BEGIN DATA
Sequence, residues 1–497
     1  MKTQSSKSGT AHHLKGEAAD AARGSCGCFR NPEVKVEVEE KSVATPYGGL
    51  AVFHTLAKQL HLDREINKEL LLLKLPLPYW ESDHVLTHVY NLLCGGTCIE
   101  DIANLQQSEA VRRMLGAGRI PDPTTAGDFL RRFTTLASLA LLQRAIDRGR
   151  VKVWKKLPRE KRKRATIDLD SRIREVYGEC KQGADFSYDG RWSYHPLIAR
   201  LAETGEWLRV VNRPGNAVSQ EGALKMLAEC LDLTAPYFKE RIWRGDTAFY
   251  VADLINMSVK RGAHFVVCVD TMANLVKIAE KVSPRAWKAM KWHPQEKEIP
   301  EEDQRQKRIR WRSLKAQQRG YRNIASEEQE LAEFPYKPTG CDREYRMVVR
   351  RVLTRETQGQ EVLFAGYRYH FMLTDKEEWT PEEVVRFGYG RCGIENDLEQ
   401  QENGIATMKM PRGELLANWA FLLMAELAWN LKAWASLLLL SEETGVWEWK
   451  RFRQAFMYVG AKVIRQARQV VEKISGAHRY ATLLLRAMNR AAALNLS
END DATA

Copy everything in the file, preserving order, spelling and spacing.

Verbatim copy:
Sequence, residues 1–497
     1  MKTQSSKSGT AHHLKGEAAD AARGSCGCFR NPEVKVEVEE KSVATPYGGL
    51  AVFHTLAKQL HLDREINKEL LLLKLPLPYW ESDHVLTHVY NLLCGGTCIE
   101  DIANLQQSEA VRRMLGAGRI PDPTTAGDFL RRFTTLASLA LLQRAIDRGR
   151  VKVWKKLPRE KRKRATIDLD SRIREVYGEC KQGADFSYDG RWSYHPLIAR
   201  LAETGEWLRV VNRPGNAVSQ EGALKMLAEC LDLTAPYFKE RIWRGDTAFY
   251  VADLINMSVK RGAHFVVCVD TMANLVKIAE KVSPRAWKAM KWHPQEKEIP
   301  EEDQRQKRIR WRSLKAQQRG YRNIASEEQE LAEFPYKPTG CDREYRMVVR
   351  RVLTRETQGQ EVLFAGYRYH FMLTDKEEWT PEEVVRFGYG RCGIENDLEQ
   401  QENGIATMKM PRGELLANWA FLLMAELAWN LKAWASLLLL SEETGVWEWK
   451  RFRQAFMYVG AKVIRQARQV VEKISGAHRY ATLLLRAMNR AAALNLS